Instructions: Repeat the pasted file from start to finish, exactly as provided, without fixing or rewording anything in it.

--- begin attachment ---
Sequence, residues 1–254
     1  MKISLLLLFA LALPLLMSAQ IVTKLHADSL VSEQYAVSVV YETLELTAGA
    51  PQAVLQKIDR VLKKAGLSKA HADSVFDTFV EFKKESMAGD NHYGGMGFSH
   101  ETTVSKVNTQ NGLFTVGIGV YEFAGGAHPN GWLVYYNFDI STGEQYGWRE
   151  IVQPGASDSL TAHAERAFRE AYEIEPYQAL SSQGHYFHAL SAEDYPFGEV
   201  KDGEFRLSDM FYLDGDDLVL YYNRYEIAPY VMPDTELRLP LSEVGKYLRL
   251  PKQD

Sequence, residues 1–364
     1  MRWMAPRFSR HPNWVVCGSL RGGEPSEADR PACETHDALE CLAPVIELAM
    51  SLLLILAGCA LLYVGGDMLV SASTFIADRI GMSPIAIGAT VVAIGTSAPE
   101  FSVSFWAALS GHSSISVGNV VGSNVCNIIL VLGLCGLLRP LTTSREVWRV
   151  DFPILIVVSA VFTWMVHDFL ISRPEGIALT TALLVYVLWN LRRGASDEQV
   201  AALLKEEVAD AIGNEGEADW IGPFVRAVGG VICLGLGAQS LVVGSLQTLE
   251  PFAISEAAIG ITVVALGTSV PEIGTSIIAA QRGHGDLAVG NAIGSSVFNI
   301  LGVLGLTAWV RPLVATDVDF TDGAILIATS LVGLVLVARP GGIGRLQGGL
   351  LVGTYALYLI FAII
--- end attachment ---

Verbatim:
Sequence, residues 1–254
     1  MKISLLLLFA LALPLLMSAQ IVTKLHADSL VSEQYAVSVV YETLELTAGA
    51  PQAVLQKIDR VLKKAGLSKA HADSVFDTFV EFKKESMAGD NHYGGMGFSH
   101  ETTVSKVNTQ NGLFTVGIGV YEFAGGAHPN GWLVYYNFDI STGEQYGWRE
   151  IVQPGASDSL TAHAERAFRE AYEIEPYQAL SSQGHYFHAL SAEDYPFGEV
   201  KDGEFRLSDM FYLDGDDLVL YYNRYEIAPY VMPDTELRLP LSEVGKYLRL
   251  PKQD

Sequence, residues 1–364
     1  MRWMAPRFSR HPNWVVCGSL RGGEPSEADR PACETHDALE CLAPVIELAM
    51  SLLLILAGCA LLYVGGDMLV SASTFIADRI GMSPIAIGAT VVAIGTSAPE
   101  FSVSFWAALS GHSSISVGNV VGSNVCNIIL VLGLCGLLRP LTTSREVWRV
   151  DFPILIVVSA VFTWMVHDFL ISRPEGIALT TALLVYVLWN LRRGASDEQV
   201  AALLKEEVAD AIGNEGEADW IGPFVRAVGG VICLGLGAQS LVVGSLQTLE
   251  PFAISEAAIG ITVVALGTSV PEIGTSIIAA QRGHGDLAVG NAIGSSVFNI
   301  LGVLGLTAWV RPLVATDVDF TDGAILIATS LVGLVLVARP GGIGRLQGGL
   351  LVGTYALYLI FAII